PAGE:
The UK telecoms watchdog has cast doubt on the merger of O2 and Three winning regulatory approval.
Ofcom chief executive Sharon White said in a speech in London on Wednesday night that "four operators is a competitive number".
The proposed £10.2bn ($15.6bn) deal would reduce the number of UK mobile networks from four to three.
She said mobile operators implied that the UK market was "too competitive".
Ms White also said they claimed that profit margins were too low.
O2 is owned by Spain's Telefonica, while Three is owned by Hong Kong-based conglomerate Hutchison Whampoa.
Competition or consolidation?
"Consolidation can in theory have benefits - improving economies of scale and making it easier to finance investment. However, Ofcom's experience is that competition, not consolidation, drives investment and delivers low prices," Ms White said.
Having four UK networks had delivered "good results for consumers and sustainable returns for companies", she added.
The Ofcom chief said a combined Three/O2 would have a market share of more than 40% and would remove the "competitive new entrant" in Three.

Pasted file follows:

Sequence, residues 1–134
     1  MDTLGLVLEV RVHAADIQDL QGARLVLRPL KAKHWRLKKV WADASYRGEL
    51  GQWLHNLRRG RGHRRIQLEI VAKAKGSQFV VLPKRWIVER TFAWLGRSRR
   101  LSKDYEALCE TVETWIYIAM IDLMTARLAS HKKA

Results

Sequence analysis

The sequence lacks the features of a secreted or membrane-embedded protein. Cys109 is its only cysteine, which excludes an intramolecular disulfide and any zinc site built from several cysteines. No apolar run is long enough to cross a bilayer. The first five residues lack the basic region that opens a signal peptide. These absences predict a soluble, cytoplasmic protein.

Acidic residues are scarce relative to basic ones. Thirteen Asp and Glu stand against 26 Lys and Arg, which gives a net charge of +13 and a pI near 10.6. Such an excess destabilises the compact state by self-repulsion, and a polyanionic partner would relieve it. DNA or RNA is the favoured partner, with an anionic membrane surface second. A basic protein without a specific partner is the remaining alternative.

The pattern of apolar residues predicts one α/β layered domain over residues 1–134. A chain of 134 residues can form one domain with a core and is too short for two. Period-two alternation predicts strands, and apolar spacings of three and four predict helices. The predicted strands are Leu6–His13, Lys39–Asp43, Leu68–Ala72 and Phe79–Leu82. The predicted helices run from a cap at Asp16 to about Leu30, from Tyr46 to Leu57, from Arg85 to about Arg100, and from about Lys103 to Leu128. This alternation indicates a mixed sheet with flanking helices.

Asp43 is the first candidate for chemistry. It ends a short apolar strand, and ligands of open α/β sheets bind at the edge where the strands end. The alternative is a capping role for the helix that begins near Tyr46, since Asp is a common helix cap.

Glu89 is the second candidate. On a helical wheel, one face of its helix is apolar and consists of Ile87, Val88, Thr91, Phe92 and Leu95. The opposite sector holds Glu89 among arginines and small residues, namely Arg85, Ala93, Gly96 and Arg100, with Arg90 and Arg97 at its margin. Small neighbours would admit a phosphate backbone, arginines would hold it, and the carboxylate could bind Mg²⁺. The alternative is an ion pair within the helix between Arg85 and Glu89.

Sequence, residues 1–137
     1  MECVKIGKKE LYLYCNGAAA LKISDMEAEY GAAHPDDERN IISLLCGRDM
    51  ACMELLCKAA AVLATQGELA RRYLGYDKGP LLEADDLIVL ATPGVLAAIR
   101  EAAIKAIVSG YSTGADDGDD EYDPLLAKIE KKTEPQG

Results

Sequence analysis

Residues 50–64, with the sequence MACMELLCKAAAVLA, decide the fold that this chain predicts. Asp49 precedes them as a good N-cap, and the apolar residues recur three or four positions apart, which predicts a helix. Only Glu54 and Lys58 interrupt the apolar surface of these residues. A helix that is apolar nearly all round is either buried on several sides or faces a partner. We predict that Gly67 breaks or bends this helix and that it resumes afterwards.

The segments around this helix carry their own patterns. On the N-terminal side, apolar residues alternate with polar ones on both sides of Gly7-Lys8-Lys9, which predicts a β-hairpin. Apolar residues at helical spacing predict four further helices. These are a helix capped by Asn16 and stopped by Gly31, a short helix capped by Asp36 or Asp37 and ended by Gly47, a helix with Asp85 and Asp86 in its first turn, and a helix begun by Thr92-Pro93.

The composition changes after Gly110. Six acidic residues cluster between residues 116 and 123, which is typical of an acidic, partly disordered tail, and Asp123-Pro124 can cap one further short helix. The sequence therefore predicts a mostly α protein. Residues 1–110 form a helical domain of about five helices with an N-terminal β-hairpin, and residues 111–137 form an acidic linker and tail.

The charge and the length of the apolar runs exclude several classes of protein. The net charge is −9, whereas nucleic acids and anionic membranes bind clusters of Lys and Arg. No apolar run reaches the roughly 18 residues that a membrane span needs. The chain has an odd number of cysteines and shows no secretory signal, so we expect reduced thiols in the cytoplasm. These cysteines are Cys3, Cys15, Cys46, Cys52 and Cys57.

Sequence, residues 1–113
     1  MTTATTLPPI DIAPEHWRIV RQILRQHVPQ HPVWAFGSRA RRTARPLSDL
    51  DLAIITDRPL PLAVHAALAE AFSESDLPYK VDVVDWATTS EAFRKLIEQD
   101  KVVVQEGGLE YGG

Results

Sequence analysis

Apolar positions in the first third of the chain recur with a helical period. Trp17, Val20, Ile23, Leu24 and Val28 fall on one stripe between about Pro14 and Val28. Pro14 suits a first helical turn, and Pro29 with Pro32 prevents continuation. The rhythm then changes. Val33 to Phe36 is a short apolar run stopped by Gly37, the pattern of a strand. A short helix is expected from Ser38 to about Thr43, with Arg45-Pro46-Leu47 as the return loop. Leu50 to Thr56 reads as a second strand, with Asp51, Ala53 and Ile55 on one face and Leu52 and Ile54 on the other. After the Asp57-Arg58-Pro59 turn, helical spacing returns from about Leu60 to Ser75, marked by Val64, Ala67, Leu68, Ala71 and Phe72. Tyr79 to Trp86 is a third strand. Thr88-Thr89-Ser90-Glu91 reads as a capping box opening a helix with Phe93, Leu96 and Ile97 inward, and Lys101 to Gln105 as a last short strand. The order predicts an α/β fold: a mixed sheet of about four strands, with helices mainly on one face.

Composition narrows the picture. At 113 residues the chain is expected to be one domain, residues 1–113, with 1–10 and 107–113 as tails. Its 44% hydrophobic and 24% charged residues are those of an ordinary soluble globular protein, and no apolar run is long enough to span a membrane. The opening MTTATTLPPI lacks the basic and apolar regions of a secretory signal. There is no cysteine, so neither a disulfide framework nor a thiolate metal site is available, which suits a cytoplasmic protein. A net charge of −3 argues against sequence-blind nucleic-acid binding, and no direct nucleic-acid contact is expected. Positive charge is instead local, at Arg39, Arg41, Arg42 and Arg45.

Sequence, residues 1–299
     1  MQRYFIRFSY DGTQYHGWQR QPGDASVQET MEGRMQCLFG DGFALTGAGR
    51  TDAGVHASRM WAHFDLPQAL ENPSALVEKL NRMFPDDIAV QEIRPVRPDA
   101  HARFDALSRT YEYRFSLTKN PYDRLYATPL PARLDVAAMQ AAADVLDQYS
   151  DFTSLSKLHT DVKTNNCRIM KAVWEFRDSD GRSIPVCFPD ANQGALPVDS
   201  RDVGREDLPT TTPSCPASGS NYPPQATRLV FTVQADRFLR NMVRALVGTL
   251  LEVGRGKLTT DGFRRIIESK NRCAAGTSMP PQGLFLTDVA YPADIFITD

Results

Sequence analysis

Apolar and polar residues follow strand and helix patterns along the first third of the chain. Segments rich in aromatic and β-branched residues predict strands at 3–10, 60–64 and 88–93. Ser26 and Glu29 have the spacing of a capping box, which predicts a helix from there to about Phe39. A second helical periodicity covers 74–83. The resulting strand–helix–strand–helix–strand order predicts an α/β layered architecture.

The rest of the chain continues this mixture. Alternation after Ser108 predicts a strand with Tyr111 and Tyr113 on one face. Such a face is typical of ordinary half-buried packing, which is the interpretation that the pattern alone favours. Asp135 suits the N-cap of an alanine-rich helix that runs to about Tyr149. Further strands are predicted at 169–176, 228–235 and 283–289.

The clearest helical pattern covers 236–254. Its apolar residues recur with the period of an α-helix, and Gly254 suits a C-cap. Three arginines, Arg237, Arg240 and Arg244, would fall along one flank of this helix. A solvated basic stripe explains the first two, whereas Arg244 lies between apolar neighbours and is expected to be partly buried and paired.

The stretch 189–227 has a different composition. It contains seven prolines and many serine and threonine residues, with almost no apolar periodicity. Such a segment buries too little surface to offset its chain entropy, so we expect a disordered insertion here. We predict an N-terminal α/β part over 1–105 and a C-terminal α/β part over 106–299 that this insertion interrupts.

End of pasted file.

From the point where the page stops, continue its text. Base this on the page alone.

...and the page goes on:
Her comments follow last week's warning by the Competition and Markets Authority (CMA) that the merger threatened to "affect significantly competition" in both the retail and wholesale mobile markets.
The CMA has asked the European Commission for the right to investigate the deal, rather than the EC, as it said the deal mostly affected UK consumers.
It also argued there were "clear links" between this deal and BT's £12.5bn deal to buy EE.
The EC must decide by 30 October whether to allow the CMA to investigate.
Ms White said this was a crucial period for the telecoms market.
"The scale of change in the next 12 months and beyond could dwarf what we have seen over the last 10 years. If the current merger wave continues, there are risks to consumers and businesses who have enjoyed one of the most competitive markets of recent years," she said.